BY: MIKE VALERIO
It's the moment we've all been waiting for - the first results coming in from the U.S. Senate Race.
7:45PM - Results via http://www.vpap.org/
Expect results from South and Southwest Virgina first, followed by the larger cities with more complicated voting systems.
Sen. Warner aides are predicting the race will be called around 9:30 p.m. Tuesday.
In the hours before Republicans may retake the Senate, controlling both houses of Congress for the first time since 2006, U.S. Sen. Mark R. Warner may be positioned to counter the national narrative, defending his seat from GOP momentum.
Larry J. Sabato, director of the University of Virginia’s Center for Politics, just released his final Crystal Ball picks for U.S. Senate, keeping Virginia “likely blue” in a sea of red, along with several Democratic to Republican seat changes.
Even if Gillespie comes up short, a single digit difference between the two candidates could propel Gillespie into the national spotlight once again.
The former Republican National Committee chairman would have accomplished a tight race with a relatively few contributions coming from out-of-state groups, a situation that prompted Gillespie to lend his own campaign $435,000 in the final days of the race.
Right now, according to the Wason Center’s final statewide survey of likely voters before Election Day 2014, Warner leads Gillespie, 51% to 44%, with 3% undecided. The margin of error for the survey is +/- 3.4%.
It is unlikely either candidate will capture all undecided voters, and the Warner Campaign contends the numbers reveal the democrat has sealed his path to victory.
VOX was the only firm to show former U.S. House Majority Leader Eric Cantor struggling in the days before his historic loss to Randolph-Macon professor Dave Brat.
Depending on the final margin, Gillespie may signal to Virginia voters on Election Night that his fight has just begun, positioning him to run for governor in 2017.
Another area to watch is where exactly Warner wins, and can he hold on to some municipalities in the southern section of the Commonwealth?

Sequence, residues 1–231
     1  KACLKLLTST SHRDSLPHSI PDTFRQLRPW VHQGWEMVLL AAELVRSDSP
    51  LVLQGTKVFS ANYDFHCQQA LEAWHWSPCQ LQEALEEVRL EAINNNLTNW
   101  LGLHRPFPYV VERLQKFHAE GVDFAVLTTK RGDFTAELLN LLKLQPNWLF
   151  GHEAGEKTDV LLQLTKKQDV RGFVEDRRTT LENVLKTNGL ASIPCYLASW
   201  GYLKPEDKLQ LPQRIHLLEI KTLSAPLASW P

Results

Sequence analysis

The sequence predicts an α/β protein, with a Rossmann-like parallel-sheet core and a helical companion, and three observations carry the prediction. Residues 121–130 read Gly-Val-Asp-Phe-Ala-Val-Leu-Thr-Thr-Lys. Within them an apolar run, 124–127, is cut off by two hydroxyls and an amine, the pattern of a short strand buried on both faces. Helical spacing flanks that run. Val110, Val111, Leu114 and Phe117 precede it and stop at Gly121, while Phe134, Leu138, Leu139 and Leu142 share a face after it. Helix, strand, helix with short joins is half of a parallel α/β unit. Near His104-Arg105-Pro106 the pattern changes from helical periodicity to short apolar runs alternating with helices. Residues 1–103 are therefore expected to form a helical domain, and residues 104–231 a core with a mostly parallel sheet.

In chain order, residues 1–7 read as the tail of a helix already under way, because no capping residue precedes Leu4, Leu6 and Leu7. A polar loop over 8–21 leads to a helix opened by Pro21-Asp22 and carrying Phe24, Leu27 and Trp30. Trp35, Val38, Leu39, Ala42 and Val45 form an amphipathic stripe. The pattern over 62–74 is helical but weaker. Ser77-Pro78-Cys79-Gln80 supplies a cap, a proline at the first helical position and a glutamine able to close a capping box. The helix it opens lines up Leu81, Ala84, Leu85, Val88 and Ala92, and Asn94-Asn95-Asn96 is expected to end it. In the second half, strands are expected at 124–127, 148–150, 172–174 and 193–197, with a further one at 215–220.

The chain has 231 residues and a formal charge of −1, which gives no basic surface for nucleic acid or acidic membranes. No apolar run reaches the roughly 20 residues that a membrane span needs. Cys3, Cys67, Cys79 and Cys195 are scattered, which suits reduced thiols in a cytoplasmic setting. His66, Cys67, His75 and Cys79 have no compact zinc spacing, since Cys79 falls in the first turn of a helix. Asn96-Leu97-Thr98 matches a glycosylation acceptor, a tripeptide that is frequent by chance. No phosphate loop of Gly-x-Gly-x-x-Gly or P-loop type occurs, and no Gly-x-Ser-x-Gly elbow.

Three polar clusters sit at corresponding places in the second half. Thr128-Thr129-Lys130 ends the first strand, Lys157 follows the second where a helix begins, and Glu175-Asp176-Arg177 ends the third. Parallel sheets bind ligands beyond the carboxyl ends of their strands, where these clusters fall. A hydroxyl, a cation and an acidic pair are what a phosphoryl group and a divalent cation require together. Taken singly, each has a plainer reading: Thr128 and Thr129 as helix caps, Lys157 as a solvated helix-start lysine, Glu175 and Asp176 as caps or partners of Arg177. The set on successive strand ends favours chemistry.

Southwest Virginia was where Warner grew a substantial power base when he ran for governor in 2001. The Senator also prides himself on appealing to people across Virginia, from the Beltway to Buffalo Junction.
But maintaining a historic level of high popularity has not been easy, with widespread disapproval of President Obama across much of rural Virginia.
As Washington Post reporters Jenna Portnoy and Rachel Weiner note, voters in Southwestern Virginia have replaced all state Democratic lawmakers with Republicans in the six years since Warner won his 2008 U.S. Senate race.
The maps showing the Republican and Democratic breakdown of Warner’s 2008 race, followed by the 2012 U.S. Senate Race and 2013 Governor’s Race show dramatic differences from Warner’s first successful campaign for Senate.
2008 U.S. Senate Race, Blue: Warner, Red: Gilmore
Maps are courtesy of the Virginia Public Access Project, with their visualizations available here.
I will be covering the Warner campaign for NBC12 from Crystal City, beginning at 6 p.m. Tuesday. Laura Geller will be live from the Gillespie Campaign in Springfield.
AND – If you need to know who will be on your ballot before you walk into the voting booth, we’re here to help. Visit this site from the Virginia Department of Elections, simply put in your information, hit “next”, and then scroll down to “My Ballot.”
After months on the campaign trail from Chesterfield to Culpeper, Republican Dave Brat and Democrat Jack Trammel returned to Randolph-Macon College Tuesday, days before one of the candidates will leave for a new career on Capitol Hill.